Friday, 10 August 2012

Super (2010)

The past few years have seen superhero movies being spewed out more routinely than children for Kerry Katona, and even though most of them are incredible action-packed thrill rides, they don't really offer much in the way of originality. When Matthew Vaughn's Kick Ass came along it was a breath of fresh air as it offered a new kind of superhero; the kind of superhero that everyone has daydreamed of becoming.  I'm sure I'm not the only one who's had fantasies of becoming a masked vigilante from time to time.  James Gunn's Super has been compared to Kick Ass and even accused of ripping it off, however, this was sitting in James Gunn's drawer for years (well before Kick Ass was even a graphic novel).  It's unfair to compare both films though because they're more different than similar; the similarities are the regular guy gone vigilante lead characters and dark humor, but other than that...  Super isn't as mainstream appealing as Kick Ass and it isn't made for a wide audience.  It's made for those of us who enjoy movies with a completely warped sense of humor.  Super is most definitely, warped.

Frank D'Arbo (Rainn Wilson) is a fry chef in a fast food restaurant living a miserable life.  However, things get even more miserable when his drug addict wife (Liv Tyler) leaves him for her drug dealer Jacques (Kevin Bacon).  One night Frank has an anime tentacle inspired epiphany from God and decides to become a masked vigilante known as The Crimson Bolt.  His mission is to punish those who do wrong, whether it be selling drugs or raping or even queue skipping.  Ellen Page's character Libby also adopts a role as his sidekick Boltie, and helps him beat up criminals with vicious glee.

Super is a fun, demented movie that doesn't try to be anything other than warped.  This is the type of humor that appeals more to a minority of film fans.  Just when you start slipping into a comfort zone something happens and shifts gear in the blink of an eye.  Almost effortlessly, it shifts between goofy, hilarious and bizarre to graphically violent, dark and disturbing to sentimental and sweet and so on.  At its heart its a comedy, but it's only for the darkest humor.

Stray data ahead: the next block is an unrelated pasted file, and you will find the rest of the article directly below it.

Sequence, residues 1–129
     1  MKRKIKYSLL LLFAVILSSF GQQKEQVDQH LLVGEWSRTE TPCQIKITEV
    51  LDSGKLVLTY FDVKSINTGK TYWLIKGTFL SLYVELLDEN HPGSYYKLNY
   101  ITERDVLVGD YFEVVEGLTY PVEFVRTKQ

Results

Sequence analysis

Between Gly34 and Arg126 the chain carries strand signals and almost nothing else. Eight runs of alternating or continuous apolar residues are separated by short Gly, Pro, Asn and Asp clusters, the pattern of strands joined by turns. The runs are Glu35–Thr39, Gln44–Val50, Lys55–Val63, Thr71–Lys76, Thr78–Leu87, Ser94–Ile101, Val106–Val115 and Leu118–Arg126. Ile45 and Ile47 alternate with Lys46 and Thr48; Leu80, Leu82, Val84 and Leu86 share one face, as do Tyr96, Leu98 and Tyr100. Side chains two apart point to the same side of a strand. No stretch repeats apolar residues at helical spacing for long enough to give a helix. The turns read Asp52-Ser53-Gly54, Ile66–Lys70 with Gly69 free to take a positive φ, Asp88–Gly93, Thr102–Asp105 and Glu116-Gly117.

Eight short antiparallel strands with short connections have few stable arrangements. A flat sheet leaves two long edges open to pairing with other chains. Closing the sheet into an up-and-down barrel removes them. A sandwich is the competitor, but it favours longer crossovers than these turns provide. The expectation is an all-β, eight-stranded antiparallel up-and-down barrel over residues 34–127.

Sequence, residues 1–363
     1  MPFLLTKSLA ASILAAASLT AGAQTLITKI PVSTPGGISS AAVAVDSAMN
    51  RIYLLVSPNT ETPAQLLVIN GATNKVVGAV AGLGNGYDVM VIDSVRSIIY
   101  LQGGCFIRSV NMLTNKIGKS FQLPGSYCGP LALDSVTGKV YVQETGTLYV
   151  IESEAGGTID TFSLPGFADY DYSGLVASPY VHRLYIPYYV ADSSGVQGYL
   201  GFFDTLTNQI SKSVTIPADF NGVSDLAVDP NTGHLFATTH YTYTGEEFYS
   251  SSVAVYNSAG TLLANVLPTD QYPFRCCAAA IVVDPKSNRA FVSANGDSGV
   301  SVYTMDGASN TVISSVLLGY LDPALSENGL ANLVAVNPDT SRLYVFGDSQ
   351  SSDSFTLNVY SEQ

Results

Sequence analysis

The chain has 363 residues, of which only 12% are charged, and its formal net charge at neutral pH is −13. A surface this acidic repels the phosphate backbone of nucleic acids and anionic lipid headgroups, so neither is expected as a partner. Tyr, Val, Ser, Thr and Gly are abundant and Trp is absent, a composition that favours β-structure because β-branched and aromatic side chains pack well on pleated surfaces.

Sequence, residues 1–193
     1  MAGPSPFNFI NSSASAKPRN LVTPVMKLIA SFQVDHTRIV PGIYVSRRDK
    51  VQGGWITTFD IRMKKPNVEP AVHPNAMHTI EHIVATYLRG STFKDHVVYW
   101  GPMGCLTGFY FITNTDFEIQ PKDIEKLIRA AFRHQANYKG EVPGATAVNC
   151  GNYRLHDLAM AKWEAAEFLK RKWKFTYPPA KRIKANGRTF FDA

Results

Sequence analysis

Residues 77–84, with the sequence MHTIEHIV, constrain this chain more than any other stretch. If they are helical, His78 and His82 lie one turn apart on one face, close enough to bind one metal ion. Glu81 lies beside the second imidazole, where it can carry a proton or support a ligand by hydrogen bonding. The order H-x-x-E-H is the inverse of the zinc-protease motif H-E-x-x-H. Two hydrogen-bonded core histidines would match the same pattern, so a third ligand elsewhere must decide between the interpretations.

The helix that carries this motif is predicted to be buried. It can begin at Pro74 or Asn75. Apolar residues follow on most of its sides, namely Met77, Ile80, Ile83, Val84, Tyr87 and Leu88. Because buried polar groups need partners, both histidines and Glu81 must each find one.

Super is the product of a love for comic books but it also comes across as somewhat satirical to recent comic book movies.  Since Nolan's Batman, many have went for the gritty approach to make superheroes seem more realistic and true to life.  Well, there's none more true to life than Frank, an inept masked vigilante who beats criminals with a wrench.  The budget restraints also give this movie a gritty look, so perhaps it wasn't intentionally satirical but I can see why people would make that observation.  According to Gunn, who started writing it 9 years prior to it's release, it was a reaction to comic books and not movies.  When this script was in its early stages, comic book movies weren't as huge as they are now.  I think it just goes to show that James Gunn is a talented writer with a great imagination and not some satirist of modern pop culture.

Super is what it is - not for everyone.  It's goofy, dark, violent, sweet, hilarious, bizarre and made for a specific audience.  It comes across as the type of movie Gunn made for himself more than anything.  If you like dark comedy, superhero movies and violence then check it out.  If you hate superhero movies you might like this one because it's unlike any other.  It's demented fun and I for one adore it with all of my black little heart.


  1. One of my favorite movies of 2011. The main performances and all the amazing violence just blew me away. "Super" is super! :-)

  2. Sorry to interrupt your blog, but I have tagged you for a Liebster Blog Award: If you don't want to / can't pass it on, that's okay, just wanted to let you know! Thanks, HorrO

  3. I have been meaning to check this movie out for sometime now! I really need to, it sounds like it'll be awesome.

  4. Thanks HorrO. It sounds awesome.

    And yeah Queen, it's amazing and warped.